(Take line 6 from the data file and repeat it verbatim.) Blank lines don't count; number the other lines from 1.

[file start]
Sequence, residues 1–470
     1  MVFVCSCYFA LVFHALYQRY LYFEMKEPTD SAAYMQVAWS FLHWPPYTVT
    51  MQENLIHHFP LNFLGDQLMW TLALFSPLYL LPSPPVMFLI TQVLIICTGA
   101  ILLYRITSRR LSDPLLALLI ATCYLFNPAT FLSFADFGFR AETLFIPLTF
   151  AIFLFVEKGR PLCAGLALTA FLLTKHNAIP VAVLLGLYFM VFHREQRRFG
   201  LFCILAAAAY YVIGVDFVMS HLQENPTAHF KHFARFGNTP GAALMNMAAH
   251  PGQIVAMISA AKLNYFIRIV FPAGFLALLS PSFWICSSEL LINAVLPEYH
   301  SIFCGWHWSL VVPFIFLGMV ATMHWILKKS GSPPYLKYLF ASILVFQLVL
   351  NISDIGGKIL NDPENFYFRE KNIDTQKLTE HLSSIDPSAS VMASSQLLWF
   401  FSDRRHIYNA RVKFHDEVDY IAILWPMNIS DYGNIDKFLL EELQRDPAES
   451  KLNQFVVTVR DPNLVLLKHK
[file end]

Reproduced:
   201  LFCILAAAAY YVIGVDFVMS HLQENPTAHF KHFARFGNTP GAALMNMAAH